Nets Mismanagement, Not Kyrie, Responsible For Epic Season Failure

mismanagement of the Nets season by Nets management.
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Since the swift sweep of the Brooklyn Nets by the Boston Celtics the sports world has been filled with discussion about who is to blame for this year's historically disastrous season of a Brooklyn franchise which was favored to win an NBA championship in 2022.

In sports media, a vocal contingent is primarily targeting Kyrie Irving as the primary reason for this year's disappointing season--especially, in light of Irving's decision not to get vaccinated, along with all the subsequent games he missed. But Irving is not the main source for this year's grand failure by the Nets.

Those most responsible for the mismanagement of the Nets season is the Nets management itself.

And we need only look at their mishandling of the two most important issues they faced this season: their fumbling of the Kyrie Covid vaccination situation; and their botching of the James Harden for Ben Simmons deal.

First the Kyrie issue.

Several sports media pundits argue that Kyrie caused a serious distraction because of his decision not to get vaccinated. Because he did that, they say Kyrie harmed the team when he became ineligible to play in so many games. But that rationale is too simplistic.

For one thing, Kyrie would not have missed all the games he did if not for the wrong-headed stance that was taken by Nets management. What was management thinking when they told Kyrie if he did not play home games—because of his opposition to the New York City Covid vaccine mandate—that he would also be ineligible to play in road games?

By trying to bully Kyrie into taking the vaccine they were daring him to rebel. And so, Kyrie did.

Do these people not bother to study the psychology of their franchise players? Or, do they feel they don't need to because athletes are dumb jocks who should just obey the dictates of their masters?

The Nets management should have known the carrot, and not the stick, was the right approach to take with Kyrie here. They should've allowed him to play in those road games.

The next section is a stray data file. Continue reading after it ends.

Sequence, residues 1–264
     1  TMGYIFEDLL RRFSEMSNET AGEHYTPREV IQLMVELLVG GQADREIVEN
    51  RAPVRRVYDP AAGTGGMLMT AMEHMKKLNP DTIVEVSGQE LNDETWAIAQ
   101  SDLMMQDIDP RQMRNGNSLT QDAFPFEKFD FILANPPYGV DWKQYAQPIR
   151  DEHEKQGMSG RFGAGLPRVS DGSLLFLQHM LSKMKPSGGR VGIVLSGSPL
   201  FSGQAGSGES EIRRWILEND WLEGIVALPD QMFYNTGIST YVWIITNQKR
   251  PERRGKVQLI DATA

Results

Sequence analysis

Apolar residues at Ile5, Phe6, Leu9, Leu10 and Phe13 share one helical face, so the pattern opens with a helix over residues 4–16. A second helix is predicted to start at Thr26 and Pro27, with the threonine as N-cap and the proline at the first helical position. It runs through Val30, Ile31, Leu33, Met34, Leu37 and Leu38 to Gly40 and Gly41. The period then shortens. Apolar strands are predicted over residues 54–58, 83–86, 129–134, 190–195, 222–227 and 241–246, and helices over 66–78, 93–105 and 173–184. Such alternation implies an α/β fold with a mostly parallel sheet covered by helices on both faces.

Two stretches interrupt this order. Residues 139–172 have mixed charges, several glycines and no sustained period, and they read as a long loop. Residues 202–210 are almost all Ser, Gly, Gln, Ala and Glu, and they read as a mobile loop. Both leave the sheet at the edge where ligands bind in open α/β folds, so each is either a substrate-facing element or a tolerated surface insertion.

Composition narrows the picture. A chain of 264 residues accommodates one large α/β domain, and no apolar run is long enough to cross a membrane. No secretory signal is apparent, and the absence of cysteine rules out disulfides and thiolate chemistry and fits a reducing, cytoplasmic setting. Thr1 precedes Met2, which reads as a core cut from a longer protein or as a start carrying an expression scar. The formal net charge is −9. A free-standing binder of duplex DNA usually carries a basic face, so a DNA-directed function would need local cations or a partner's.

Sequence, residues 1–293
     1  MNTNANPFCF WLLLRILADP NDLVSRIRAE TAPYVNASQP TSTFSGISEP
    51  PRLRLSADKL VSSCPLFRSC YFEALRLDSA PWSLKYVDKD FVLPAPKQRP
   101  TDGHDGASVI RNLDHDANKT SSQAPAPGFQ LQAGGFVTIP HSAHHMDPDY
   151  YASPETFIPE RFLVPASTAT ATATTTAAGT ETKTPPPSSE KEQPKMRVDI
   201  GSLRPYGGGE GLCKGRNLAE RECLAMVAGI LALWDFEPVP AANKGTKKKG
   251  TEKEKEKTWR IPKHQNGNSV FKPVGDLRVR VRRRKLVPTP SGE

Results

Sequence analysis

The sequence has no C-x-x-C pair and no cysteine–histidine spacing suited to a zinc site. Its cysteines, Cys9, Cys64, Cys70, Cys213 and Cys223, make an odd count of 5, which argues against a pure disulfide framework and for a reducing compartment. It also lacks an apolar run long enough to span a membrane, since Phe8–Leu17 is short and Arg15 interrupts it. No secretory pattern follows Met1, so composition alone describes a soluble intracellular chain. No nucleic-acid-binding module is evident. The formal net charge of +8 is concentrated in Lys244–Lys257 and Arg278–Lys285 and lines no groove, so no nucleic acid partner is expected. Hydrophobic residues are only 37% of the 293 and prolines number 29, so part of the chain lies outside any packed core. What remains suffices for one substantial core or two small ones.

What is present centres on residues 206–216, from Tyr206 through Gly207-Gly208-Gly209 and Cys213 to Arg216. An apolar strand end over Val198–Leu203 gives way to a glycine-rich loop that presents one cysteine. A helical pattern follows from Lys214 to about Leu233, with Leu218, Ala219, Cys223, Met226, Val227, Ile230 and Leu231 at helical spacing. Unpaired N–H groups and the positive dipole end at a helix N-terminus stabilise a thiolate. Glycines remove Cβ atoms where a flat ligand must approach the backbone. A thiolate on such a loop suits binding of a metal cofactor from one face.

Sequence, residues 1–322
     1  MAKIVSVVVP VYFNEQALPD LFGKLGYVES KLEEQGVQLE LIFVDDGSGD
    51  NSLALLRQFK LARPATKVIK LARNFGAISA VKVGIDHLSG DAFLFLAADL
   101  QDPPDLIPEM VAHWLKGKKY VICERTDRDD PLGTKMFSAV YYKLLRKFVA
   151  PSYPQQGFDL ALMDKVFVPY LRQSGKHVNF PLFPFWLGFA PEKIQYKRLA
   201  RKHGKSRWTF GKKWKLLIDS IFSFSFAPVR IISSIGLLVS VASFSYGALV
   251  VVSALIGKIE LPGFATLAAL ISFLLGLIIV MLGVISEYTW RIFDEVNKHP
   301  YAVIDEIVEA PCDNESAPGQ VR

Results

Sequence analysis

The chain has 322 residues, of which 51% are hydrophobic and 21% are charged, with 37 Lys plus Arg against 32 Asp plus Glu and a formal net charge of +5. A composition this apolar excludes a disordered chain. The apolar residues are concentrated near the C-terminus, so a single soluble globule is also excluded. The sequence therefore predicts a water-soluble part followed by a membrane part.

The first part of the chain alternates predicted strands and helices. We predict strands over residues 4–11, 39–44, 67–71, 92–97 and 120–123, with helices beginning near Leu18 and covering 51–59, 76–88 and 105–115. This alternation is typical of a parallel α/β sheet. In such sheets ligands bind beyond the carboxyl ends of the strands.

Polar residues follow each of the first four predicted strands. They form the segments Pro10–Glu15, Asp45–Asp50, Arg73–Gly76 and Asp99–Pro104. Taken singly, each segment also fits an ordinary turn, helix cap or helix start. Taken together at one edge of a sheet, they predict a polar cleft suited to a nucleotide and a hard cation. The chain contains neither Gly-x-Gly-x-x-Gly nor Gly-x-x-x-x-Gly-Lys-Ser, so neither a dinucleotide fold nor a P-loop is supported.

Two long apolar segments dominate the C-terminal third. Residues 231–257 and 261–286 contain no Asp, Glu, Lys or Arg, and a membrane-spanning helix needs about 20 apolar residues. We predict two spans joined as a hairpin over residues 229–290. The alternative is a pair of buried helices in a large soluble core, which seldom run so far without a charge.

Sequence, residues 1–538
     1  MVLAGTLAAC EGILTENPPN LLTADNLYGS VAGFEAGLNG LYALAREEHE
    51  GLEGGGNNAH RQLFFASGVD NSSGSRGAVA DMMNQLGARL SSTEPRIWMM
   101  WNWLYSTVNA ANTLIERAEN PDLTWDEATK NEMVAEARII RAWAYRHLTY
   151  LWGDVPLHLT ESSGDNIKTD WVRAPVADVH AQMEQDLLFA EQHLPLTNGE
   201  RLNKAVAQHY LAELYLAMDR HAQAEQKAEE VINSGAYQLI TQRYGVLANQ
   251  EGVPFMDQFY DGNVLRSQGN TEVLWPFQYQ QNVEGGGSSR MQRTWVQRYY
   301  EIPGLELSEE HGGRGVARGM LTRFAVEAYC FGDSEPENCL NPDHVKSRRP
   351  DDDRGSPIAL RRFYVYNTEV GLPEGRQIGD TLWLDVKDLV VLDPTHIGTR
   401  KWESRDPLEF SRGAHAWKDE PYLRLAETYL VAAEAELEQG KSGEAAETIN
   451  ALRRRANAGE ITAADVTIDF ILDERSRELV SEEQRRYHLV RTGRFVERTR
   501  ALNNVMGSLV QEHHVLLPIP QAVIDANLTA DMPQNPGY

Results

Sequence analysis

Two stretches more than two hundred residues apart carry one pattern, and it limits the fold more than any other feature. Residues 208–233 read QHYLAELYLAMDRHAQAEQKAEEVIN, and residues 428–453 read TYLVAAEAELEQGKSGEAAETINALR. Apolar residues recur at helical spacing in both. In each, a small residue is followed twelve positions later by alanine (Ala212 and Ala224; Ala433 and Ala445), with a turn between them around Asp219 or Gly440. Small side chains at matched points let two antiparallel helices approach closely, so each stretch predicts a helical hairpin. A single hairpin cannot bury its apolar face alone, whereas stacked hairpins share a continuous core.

If they had done this, it would have been much more beneficial for the team’s chemistry. And Kevin Durant would not have been as worn down as he was going into the Boston series. Durant would have gotten more rest, because the team would've won more games during the regular season, and they would've been a higher seed instead of barely making the playoffs

Also, if Nets management had taken this more appropriate approach, they would've stood a better chance of possibly subtly convincing Kyrie to get vaccinated. But instead, they tried to do what too many tyrannically minded employers do: treat their employees as if their feelings and thoughts are irrelevant and to be discarded whenever the boss man says so.

What did the Nets management gain by forcing Kyrie to sit out all those early season games many of which were tallied right into the loss column? What sense did it make to have Kyrie sit only to then cave later in the season by belatedly allowing him to play in those road games?

Their actions here were a silly waste of time exhibiting bad management.

Then we have the Ben Simmons for James Harden debacle of a trade.

What kind of due diligence did the Nets do before they signed this deal? How could the Nets make a trade like this, in mid-season, without knowing if Simmons would be ready to play—at least going into the playoffs?

This was an egregious error and head-scratching blunder.

James Harden is still one of the top players in the NBA. The Nets should have done their homework to know whether Simmons would be able to play this season. Otherwise, they should've waited till the off-season before trading an asset like Harden.

With Harden, it is inconceivable the Nets would've been swept by Boston. And there is more of a possibility that Harden might have rethought his position over the off-season. And Harden would not have decided to sit out the playoffs to force a trade, as Simmons did to force his way out of Philly.

But again, the Nets management made a hasty decision by trading for Simmons who sat (for the first three games) on the bench, looking like a GQ model, while Brooklyn was getting their brains beaten in by Jason Tatum, Jaylen Brown, Marcus Smart, and the Boston bunch.

If Simmons had decided to play, this series would likely still be going on.

With Simmons playing the point, Durant and Irving wouldn't have had to worry so much about play-making for their teammates. That would've allowed them to focus more on their scoring—and they would've been fresher to finish games down the stretch in the fourth quarter.

Instead, the Brooklyn Nets season ended in epic failure.

And while it is very easy to blame Kyrie Irving, the Nets management should take responsibility for their unenlightened stewardship that led to this historically underachieving season.

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